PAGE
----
Sunday, March 21, 2021

In the Home Stretch

Robert Frost (1874–1963)
From Robert Frost: Collected Poems, Prose, & Plays

Three of the pen-and-ink drawings by American illustrator John Wolcott Adams (1874–1925) for Robert Frost’s “In the Home Stretch” in the July 1916 issue of The Century Illustrated Monthly Magazine. First panel: “Where will I put this walnut bureau, lady?” Second: “Come from that window where you see too much.” The third panel appears above the stanza that begins, “You’re tired. / I'm drunk-nonsensical tired out.” Three decades later, Frost inscribed an issue of the magazine to his friend and biographer Louis Mertins with the comment, “The places resemble neither the Derry nor the Franconia farm in any least detail.” Library of Congress.
When Edward J. O’Brien issued The Best Short Stories of 1916, he included his usual “honor roll” with individual summaries of the fifty best selections of the year. In the list are tales by such still-familiar names as Sherwood Anderson, Edith Wharton, and Theodore Dreiser, but there are two surprising entries, “Snow” and “In the Home Stretch,” by a writer relatively new to the literary scene, Robert Frost. Those readers who know Frost’s oeuvre might be perplexed, since both of these pieces are, in fact, poems. In his commentary, however, O’Brien anticipates this objection and explains in his note for one of the “stories”:
“In the Home Stretch” by Robert Frost is truly a masterpiece of the short story regardless of the fact that it is also an admirable poem. It has passion, magic, and truth for its virtues as poetry; rich human characterization, finely conceived background, and quiet dramatic power for its virtues as a short story.
Both story-poems appeared in magazines in 1916 before they were collected late that year in Mountain Interval, Frost’s third book of poetry. The poems are the only two in the collection that resemble the blank verse dialogues, like “The Death of the Hired Man” and “The Housekeeper,” that had made him suddenly famous in America two years earlier, when North of Boston had become an unexpected best seller. In the new collection Frost largely eschewed longer story-like poems in favor of shorter meditations and vignettes, such as “The Road Not Taken” and “Out, Out—.” He later told Daniel Smythe, a poet and friend, that he was ultimately unhappy with the book, which he had reluctantly rushed into print under pressure from his publisher, who wanted a quick follow-up to capitalize on Frost’s popularity. “It was just a bunch of poems slapped together, not judged and weighed like the previous volumes,” Symthe recalled Frost saying during their conversation. “What was the result? The book was his least successful; it did not sell very much.”

“In the Home Stretch” is one of Frost’s most autobiographical poems, an evocation of the many times he and his wife uprooted their lives and moved to a new place. It was inspired by one such relocation, to the farm in Derry, New Hampshire, where they lived for the first decade of the twentieth century. In an interview published in April 1921 in Boston Traveler, Frost recalled:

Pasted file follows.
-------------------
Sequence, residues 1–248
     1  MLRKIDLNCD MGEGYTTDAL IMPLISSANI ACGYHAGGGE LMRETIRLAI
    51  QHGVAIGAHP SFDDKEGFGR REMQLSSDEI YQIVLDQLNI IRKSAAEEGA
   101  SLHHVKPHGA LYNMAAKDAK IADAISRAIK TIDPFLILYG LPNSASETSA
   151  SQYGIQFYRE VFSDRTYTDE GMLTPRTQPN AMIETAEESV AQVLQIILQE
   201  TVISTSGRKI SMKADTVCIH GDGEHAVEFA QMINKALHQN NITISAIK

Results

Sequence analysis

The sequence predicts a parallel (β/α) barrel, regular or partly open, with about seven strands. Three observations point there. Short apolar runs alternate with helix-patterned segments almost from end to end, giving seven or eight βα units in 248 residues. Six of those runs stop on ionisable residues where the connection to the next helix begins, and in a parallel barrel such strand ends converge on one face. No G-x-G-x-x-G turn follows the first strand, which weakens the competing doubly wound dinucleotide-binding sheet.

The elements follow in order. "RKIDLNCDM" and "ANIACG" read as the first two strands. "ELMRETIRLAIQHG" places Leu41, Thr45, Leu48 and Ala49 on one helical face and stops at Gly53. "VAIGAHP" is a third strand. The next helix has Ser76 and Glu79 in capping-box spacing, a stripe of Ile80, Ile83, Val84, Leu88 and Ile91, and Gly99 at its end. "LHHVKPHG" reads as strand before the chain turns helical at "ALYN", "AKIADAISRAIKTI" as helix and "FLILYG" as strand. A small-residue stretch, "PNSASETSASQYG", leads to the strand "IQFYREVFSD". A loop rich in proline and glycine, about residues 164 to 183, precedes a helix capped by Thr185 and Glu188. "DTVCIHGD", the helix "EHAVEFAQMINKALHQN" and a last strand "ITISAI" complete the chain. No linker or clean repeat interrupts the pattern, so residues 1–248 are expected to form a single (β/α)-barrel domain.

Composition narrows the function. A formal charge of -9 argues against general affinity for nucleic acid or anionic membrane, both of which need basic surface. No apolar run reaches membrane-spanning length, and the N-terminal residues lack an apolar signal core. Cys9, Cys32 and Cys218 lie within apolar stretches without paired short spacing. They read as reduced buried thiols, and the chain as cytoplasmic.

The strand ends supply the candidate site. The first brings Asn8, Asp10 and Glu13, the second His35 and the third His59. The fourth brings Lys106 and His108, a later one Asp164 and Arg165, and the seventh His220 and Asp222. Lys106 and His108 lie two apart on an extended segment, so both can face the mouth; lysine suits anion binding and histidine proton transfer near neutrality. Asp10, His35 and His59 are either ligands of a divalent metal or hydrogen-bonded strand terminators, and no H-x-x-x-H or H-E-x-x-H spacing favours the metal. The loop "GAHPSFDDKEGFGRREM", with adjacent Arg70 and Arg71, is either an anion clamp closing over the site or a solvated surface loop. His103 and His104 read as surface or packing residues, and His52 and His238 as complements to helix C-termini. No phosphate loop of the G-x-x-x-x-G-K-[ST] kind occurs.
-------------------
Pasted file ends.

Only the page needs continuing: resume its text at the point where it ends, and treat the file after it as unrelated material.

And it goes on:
We are patient people, my wife and I. We had to be. Affairs were not looking very well when one day Mrs. Frost went to Grandfather and asked him to buy me a little farm. Grandfather had no use for me whatever, but he bought the place on the ground that I had to die somewhere and it might as well be on some out-of-the-way farm.

It was a little two-thousand-dollar affair up in Derry, New Hampshire. I had to teach in the academy to make both ends meet, and then they did not meet. There came a time when our bread and butter was a serious affair.
The financial hardship, the work at the farm, and his duties at the school kept Frost from his writing. He eventually sold the farm and in 1912 moved his family to England with the half-baked idea of writing a novel. Instead, within a year he captured the attention of several prominent British poets and managed to find a publisher in London for his first book, A Boy’s Will.

“In the Home Stretch” is set on the day an older couple moves to a farm. Published during an era when Americans were rapidly migrating from country to city, the poem describes how, by moving in the other direction, the older husband and wife “puzzle” the movers, who are eager to get back to town and who leave the aging couple, in dusk, to their “pasture slope”—out to pasture, as it were. (“It’s not so bad in the country, settled down, / When people’re getting on in life,” one of the young men says to them.) The poem focuses on the “husband-wife relationship, evoking Elinor confronting her husband, who had himself initiated countless relocations and redefinitions of home,” writes Karen L. Kilcup in Robert Frost and Feminine Literary Tradition, a reappraisal of Frost’s poetics. “The poem’s central tension resides in the husband’s guilt that perhaps he has imposed the move on his wife, but, in spite of the ostensible disparity in their experiences and attitudes, their perspectives ultimately do not conflict but come together.” It is this coming together, as well as an almost nostalgic warmth and optimism, that makes it one of Frost’s “happier poems,” to borrow literary critic Warren T. Hope’s phrase.

Note: According to Robert Frost’s granddaughter Lesley Lee Francis, ten-step was “a game played with two lines of players; each line attempted to kick-catch the ball before it hit the ground, and thereby gain ten steps toward the opponent’s goal.”

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